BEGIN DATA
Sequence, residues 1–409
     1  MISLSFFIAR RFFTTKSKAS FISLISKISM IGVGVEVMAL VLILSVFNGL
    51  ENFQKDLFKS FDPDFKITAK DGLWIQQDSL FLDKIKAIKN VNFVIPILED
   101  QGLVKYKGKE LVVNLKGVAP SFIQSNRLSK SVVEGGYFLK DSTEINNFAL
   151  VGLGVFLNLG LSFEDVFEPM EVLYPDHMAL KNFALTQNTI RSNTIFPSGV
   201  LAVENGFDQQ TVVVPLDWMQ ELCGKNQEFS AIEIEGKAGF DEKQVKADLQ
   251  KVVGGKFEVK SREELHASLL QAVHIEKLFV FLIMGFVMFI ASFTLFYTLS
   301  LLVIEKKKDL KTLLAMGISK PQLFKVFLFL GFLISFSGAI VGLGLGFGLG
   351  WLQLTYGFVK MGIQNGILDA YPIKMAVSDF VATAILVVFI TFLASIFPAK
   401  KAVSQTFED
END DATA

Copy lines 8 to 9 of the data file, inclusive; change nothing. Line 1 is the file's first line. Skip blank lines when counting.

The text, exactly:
   301  LLVIEKKKDL KTLLAMGISK PQLFKVFLFL GFLISFSGAI VGLGLGFGLG
   351  WLQLTYGFVK MGIQNGILDA YPIKMAVSDF VATAILVVFI TFLASIFPAK